LCoS is particularly attractive as a switching mechanism in a wavelength-selective switch (WSS). LCoS-based WSS were initially developed by Australian company Engana,[8] now part of Finisar.[9] The LCoS can be employed to control the phase of light at each pixel to produce beam-steering[10] where the large number of pixels allow a near continuous addressing capability. Typically, a large number of phase steps are used to create a highly efficient, low-insertion loss switch shown. This simple optical design incorporates polarisation diversity, control of mode size and a 4-f wavelength optical imaging in the dispersive axis of the LCoS providing integrated switching and optical power control.[11]

In operation, the light passes from a fibre array through the polarisation imaging optics which separates physically and aligns orthogonal polarisation states to be in the high efficiency s-polarisation state of the diffraction grating. The input light from a chosen fibre of the array is reflected from the imaging mirror and then angularly dispersed by the grating which is at near Littrow incidence, reflecting the light back to the imaging optics which directs each channel to a different portion of the LCoS. The path for each wavelength is then retraced upon reflection from the LCoS, with the beam-steering image applied on the LCOS directing the light to a particular port of the fibre array. As the wavelength channels are separated on the LCoS the switching of each wavelength is independent of all others and can be switched without interfering with the light on other channels. There are many different algorithms that can be implemented to achieve a given coupling between ports including less efficient "images" for attenuation or power splitting.

WSS based on MEMS[12] and/or liquid crystal[13] technologies allocate a single switching element (pixel) to each channel which means the bandwidth and centre frequency of each channel are fixed at the time of manufacture and cannot be changed in service. In addition, many designs of first-generation WSS (particularly those based on MEMs technology) show pronounced dips in the transmission spectrum between each channel due to the limited spectral ‘fill factor’ inherent in these designs. This prevents the simple concatenation of adjacent channels to create a single broader channel.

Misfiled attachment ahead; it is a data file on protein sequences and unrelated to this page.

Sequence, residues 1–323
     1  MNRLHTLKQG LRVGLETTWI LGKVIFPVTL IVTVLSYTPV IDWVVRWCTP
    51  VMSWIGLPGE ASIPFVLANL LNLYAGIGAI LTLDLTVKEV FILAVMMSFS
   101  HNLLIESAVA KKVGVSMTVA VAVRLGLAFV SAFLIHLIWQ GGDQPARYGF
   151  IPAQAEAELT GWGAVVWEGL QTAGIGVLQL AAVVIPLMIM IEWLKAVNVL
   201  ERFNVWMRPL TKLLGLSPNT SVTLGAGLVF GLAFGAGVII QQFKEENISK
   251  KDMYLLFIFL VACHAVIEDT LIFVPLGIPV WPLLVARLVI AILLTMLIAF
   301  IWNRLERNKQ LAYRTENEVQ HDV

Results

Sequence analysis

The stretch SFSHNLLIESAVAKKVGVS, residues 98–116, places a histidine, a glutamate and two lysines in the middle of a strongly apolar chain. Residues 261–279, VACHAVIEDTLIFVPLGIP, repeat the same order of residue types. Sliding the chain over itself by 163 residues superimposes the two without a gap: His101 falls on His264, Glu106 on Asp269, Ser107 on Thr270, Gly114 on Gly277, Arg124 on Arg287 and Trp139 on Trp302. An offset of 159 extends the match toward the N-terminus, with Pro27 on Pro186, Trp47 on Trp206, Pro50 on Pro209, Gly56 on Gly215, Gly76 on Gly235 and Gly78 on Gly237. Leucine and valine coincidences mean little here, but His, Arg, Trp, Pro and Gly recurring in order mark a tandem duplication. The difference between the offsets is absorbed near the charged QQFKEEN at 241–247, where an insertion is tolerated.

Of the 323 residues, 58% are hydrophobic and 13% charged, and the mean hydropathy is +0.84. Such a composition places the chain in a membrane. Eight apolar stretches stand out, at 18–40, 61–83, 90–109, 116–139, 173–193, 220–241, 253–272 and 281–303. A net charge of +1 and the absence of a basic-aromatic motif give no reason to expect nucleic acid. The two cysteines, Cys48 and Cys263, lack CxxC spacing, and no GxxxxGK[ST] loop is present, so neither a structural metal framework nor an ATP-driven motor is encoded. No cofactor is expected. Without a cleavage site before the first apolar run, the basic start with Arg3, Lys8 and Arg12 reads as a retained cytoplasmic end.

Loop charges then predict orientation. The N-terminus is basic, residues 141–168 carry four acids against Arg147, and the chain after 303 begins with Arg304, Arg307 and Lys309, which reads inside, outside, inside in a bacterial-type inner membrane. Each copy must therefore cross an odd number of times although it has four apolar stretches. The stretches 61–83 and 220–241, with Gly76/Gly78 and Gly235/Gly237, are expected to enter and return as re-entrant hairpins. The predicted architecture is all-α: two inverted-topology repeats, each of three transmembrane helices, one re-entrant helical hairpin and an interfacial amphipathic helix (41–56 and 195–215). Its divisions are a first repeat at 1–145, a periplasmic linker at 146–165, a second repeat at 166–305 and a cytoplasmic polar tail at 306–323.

LCoS-based WSS, however, permit dynamic control of channel centre frequency and bandwidth through on-the-fly modification of the pixel arrays via embedded software. The degree of control of channel parameters can be very fine-grained, with independent control of the centre frequency and either upper- or lower-band-edge of a channel with better than 1 GHz resolution possible. This is advantageous from a manufacturability perspective, with different channel plans being able to be created from a single platform and even different operating bands (such as C and L) being able to use an identical switch matrix. Additionally, it is possible to take advantage of this ability to reconfigure channels while the device is operating. Products have been introduced allowing switching between 50 GHz channels and 100 GHz channels, or a mix of channels, without introducing any errors or "hits" to the existing traffic. More recently, this has been extended to support the whole concept of Flexible or Elastic networks under ITU G.654.2 through products such as Finisar's Flexgrid™ WSS.

Other LCoS applications

Optical pulse shaping

The ability of an LCoS-based WSS to independently control both the amplitude and phase of the transmitted signal leads to the more general ability to manipulate the amplitude and/or phase of an optical pulse through a process known as Fourier-domain pulse shaping.[14] This process requires full characterisation of the input pulse in both the time and spectral domains.

As an example, an LCoS-based Programmable Optical Processor(POP) has been used to broaden a mode-locked laser output into a 20 nm supercontinuum source whilst a second such device was used to compress the output to 400 fs, transform-limited pulses.[15] Passive mode-locking of fiber lasers has been demonstrated at high repetition rates, but inclusion of an LCoS-based POP allowed the phase content of the spectrum to be changed to flip the pulse train of a passively mode-locked laser from bright to dark pulses.[16] A similar approach uses spectral shaping of optical frequency combs to create multiple pulse trains. For example, a 10 GHz optical frequency comb was shaped by the POP to generate dark parabolic pulses and Gaussian pulses, at 1540 nm and 1560 nm, respectively.[17]

Light structuring

Structured light using a fast ferroelectric LCoS is used in 3D-superresolution microscopy techniques and in fringe projection for 3D-automated optical inspection.

Modal switching in space division multiplexed optical communications systems

One of the interesting applications of LCoS is the ability to transform between modes of few-moded optical fibers[18] which have been proposed as the basis of higher capacity transmission systems in the future. Similarly LCoS has been used to steer light into selected cores of multicore fiber transmission systems, again as a type of Space Division Multiplexing.

Tunable lasers

LCoS has been used as a filtering technique, and hence a tuning mechanism, for both semiconductor diode and fibre lasers.[19]